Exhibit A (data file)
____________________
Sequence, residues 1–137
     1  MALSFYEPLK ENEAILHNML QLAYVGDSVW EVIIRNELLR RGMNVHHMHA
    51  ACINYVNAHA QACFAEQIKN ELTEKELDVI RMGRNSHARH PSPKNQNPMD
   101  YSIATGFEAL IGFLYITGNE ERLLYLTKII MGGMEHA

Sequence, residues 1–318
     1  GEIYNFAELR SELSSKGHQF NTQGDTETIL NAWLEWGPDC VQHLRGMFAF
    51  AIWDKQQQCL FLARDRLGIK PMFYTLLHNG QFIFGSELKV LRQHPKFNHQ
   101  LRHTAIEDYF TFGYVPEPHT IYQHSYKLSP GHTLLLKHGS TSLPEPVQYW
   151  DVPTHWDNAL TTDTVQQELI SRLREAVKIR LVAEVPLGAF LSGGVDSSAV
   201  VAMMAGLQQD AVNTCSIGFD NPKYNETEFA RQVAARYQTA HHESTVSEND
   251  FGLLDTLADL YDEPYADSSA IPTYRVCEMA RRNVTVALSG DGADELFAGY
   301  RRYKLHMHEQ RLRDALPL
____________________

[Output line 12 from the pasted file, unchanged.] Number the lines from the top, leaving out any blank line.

   301  RRYKLHMHEQ RLRDALPL